Tag Archives: Gotha

17 January 1918 – Home Defence

Continued Gotha raids in December 1917 had spooked public opinion and, as a consequence, the War Cabinet. The War Cabinet therefore commissioned Viscount French, Commander-in-Chief, Home Forces to report on the state of air defences in London. Today he delivered his report.

In examining the Zeppelin attacks, he concluded that:

“The Zeppelin menace cannot be said to have disappeared. Great improvements have been made in the speed, radius of action, and climbing power of the latest type of Zeppelins, while their visibility has been reduced by camouflaging the underparts of the envelope with black dope. The return of warm weather will probably be the signal for renewed Zeppelin raids, but in view of the recent increases in the defences of London and the south-east of England it is probable that they will direct their attacks on the north-east coast or Midlands. “

On countering the daylight aeroplane raids, he indicated that the reorganization of the gun and aeroplane defences, together with the re-equipment of the defence squadrons with better fighting aircraft, had forced the enemy to give up daylight raids in favour of night attacks.

This, however, created different problems of defence. New improved fighting aeroplanes had been produced and fifty had been delivered to the eight squadrons in the south-east of England. However, only expert pilots could fly these unstable single-seater fighters in the dark and it would take time for the new pilots to become proficient in night-fighting.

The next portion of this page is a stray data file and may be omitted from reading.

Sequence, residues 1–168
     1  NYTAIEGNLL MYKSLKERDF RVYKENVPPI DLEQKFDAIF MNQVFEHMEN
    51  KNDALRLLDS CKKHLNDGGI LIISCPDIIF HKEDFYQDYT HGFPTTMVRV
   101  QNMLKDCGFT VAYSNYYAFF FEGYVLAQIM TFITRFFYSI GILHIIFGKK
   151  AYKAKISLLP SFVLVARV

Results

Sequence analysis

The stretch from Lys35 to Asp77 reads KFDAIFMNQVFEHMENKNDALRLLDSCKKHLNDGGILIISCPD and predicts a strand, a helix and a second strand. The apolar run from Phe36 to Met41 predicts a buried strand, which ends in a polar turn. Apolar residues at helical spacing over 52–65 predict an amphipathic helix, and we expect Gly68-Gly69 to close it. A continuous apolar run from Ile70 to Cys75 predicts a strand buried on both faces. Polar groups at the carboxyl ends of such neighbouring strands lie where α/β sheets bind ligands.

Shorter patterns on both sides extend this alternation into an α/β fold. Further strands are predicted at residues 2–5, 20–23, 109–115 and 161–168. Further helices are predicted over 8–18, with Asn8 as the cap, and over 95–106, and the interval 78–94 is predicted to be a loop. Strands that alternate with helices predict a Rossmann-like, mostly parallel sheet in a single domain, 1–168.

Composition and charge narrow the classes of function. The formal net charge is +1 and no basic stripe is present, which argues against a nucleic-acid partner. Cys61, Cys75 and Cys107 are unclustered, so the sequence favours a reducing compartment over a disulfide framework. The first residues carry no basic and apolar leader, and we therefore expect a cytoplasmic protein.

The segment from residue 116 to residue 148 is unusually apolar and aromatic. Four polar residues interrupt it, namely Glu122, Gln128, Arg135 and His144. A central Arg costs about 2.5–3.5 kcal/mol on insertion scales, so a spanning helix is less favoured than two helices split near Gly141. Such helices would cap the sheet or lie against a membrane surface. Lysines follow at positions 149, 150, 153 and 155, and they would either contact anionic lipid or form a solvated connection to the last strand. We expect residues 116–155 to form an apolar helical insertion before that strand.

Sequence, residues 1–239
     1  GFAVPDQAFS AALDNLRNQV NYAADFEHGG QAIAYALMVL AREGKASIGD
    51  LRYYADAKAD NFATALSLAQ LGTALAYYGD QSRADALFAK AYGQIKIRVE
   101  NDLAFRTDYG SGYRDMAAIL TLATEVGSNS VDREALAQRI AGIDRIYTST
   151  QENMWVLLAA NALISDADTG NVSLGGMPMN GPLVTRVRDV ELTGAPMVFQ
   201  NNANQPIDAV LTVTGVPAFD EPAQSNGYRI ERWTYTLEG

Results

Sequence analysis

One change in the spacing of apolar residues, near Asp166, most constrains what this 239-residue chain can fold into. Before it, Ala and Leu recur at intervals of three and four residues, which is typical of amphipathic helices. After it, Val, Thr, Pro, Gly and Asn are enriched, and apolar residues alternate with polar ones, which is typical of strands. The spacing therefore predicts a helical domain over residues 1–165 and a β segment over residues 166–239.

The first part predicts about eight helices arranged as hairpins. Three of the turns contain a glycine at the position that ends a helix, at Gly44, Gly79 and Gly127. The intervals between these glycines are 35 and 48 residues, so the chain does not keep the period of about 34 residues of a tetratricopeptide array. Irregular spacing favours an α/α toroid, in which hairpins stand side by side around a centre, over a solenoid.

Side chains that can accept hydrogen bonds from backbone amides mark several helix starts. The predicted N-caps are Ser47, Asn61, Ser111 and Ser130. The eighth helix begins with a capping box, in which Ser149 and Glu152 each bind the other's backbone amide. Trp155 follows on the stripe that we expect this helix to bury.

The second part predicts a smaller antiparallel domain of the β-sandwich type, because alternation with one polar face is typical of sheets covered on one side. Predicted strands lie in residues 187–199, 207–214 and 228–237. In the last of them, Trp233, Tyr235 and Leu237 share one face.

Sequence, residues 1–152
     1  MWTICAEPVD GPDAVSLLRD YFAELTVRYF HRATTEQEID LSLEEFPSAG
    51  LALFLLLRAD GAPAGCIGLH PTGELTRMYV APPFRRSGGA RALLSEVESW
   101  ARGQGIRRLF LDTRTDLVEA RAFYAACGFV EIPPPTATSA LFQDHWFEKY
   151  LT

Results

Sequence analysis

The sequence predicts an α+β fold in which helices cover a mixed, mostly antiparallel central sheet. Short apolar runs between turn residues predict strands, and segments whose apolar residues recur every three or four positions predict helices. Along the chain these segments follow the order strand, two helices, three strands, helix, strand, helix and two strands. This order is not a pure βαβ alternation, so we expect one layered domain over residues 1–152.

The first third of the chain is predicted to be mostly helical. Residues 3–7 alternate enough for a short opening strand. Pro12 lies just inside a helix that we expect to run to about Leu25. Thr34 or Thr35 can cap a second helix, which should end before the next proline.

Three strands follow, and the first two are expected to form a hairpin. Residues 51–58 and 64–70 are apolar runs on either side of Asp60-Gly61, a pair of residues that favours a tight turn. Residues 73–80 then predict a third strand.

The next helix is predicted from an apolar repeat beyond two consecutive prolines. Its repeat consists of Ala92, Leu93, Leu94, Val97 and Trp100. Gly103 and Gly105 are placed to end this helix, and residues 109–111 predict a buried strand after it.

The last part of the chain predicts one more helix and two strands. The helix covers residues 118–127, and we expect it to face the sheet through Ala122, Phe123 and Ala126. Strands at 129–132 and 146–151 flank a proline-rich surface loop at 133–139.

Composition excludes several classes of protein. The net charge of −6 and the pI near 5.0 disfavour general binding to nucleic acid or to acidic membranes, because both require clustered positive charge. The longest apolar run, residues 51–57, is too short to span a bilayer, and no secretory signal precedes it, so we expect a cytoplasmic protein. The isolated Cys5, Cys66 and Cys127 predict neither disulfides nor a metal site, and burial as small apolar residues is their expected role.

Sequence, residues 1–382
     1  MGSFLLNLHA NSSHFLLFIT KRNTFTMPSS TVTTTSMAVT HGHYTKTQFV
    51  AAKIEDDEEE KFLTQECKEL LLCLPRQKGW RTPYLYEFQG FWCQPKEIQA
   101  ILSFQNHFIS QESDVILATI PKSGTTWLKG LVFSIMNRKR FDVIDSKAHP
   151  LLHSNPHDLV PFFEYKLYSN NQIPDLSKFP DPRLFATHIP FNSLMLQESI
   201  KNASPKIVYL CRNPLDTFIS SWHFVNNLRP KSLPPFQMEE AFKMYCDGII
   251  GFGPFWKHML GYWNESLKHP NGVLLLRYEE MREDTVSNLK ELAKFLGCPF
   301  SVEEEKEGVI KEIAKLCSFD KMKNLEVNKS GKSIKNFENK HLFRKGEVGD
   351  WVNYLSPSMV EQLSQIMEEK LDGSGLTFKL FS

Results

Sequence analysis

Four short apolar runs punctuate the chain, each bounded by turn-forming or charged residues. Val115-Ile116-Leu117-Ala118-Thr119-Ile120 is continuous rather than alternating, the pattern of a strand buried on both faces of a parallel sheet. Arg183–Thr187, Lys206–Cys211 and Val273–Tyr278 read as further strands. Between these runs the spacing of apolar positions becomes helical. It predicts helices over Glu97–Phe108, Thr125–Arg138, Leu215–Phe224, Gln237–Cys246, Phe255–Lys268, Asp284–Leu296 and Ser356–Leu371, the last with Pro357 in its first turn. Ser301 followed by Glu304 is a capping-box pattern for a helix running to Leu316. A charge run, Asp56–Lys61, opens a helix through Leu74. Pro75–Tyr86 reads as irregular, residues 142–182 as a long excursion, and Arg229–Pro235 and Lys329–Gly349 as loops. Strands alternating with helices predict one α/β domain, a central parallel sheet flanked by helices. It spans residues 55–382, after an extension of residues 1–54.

The need to provide antiaircraft gun protection for widely dispersed vulnerable points in London and the south-eastern areas made it difficult to arrange an adequate zone for the operation of the large number of Royal Flying Corps squadrons placed between London and the East Coast. The anti-aircraft scheme of fire was based chiefly on sound and it was, of course, impossible, when firing at sound, to distinguish friend from foe.

French noted that, to increase the areas reserved for aeroplane operations, modifications in the disposition of the fixed guns would be necessary. At this point, however it was difficult to determine the ultimate relative value of guns and aeroplanes as weapons of defence, and consequently whether such modifications will even be justified.